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Can photons accelerate?

  1. Nov 21, 2004 #1
    If photons can follow a curved trajectory, may they be considered to accelerate in a (generally) relative manner?
  2. jcsd
  3. Nov 21, 2004 #2


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    In a vacuum photons travel along geodesics, to be specific null-geodsics, which can be considered 'straight lines'. If the presence of an intermediary mass causes a light ray to be deflected, the path of the photon is still 'straight', it just happens to be along a surface of space-time that itself is curved by the presence of the gravitating mass.

    So in this case the photon is not said to 'accelerate'.

  4. Nov 21, 2004 #3
    It's a theory, I don't think anyone can agree on it.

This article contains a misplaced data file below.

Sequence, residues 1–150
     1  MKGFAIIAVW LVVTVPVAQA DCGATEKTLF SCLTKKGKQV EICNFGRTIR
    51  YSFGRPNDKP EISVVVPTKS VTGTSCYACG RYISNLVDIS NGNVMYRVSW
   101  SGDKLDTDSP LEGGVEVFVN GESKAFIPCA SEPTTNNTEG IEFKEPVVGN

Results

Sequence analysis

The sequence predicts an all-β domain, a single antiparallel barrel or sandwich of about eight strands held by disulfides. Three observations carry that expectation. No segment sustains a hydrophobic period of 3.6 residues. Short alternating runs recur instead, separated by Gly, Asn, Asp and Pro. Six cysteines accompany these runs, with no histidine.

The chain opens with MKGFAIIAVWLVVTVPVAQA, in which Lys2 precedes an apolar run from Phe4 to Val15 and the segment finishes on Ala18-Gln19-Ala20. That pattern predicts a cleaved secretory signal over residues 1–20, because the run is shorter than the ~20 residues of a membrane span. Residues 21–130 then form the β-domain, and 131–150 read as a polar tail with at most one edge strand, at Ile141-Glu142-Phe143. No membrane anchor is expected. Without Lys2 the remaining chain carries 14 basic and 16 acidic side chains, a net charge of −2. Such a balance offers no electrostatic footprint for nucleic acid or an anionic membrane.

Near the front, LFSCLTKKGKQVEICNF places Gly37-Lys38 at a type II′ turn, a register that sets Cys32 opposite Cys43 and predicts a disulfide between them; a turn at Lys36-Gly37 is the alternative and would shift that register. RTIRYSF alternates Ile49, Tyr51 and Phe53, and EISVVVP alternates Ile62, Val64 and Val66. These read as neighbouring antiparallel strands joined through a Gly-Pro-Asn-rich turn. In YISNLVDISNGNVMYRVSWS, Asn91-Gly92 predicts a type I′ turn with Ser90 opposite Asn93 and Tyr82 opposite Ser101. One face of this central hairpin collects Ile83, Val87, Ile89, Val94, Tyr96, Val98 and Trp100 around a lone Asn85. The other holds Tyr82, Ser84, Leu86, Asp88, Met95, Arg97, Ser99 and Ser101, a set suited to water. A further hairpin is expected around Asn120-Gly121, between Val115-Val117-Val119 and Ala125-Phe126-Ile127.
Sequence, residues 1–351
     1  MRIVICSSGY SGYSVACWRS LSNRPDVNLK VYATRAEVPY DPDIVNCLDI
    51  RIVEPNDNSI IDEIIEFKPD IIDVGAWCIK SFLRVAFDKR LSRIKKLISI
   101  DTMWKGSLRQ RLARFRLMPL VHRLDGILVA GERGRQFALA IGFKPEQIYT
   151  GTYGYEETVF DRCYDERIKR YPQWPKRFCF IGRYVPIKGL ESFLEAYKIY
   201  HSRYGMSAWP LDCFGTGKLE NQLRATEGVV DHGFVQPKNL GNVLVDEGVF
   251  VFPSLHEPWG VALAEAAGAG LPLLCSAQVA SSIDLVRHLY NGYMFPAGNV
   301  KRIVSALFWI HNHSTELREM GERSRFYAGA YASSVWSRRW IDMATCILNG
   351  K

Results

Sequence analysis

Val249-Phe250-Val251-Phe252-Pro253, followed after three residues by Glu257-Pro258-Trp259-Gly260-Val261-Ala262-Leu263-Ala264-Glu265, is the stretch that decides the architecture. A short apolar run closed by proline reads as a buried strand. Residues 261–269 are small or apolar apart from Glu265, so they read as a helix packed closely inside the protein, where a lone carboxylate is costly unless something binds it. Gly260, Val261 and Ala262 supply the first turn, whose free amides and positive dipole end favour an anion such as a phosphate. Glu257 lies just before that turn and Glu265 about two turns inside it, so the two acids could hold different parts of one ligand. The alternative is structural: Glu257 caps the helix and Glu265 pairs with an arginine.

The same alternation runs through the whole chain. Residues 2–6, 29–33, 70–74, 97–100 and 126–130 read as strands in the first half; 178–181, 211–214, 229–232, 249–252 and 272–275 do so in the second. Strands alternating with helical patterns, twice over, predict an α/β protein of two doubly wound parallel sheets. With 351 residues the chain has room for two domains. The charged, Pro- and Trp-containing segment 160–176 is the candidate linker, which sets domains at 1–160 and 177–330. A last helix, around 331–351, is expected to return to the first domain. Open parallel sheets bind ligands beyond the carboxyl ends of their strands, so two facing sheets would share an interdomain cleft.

Check out this link http://van.hep.uiuc.edu/van/qa/section/Light_and_Sound/Properties_of_Light/20040223072254.htm [Broken]
    Last edited by a moderator: May 1, 2017
  5. Nov 21, 2004 #4


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    I believe that in GR the definition of a null Geodesic is the path traveled by light. So in that sense it is impossible for light to NOT follow a null geodesic. If you were able to travel with a photon you would never observe it to vary in its velocity. However if we consider our frame stationary and observe the path of a photon it can appear to vary its velocity. This is observed and called a gravitational lens. Also it was the supposed observation of the variation of the position of star near the limb of the sun during a solar eclipse which was the first verification of GR.
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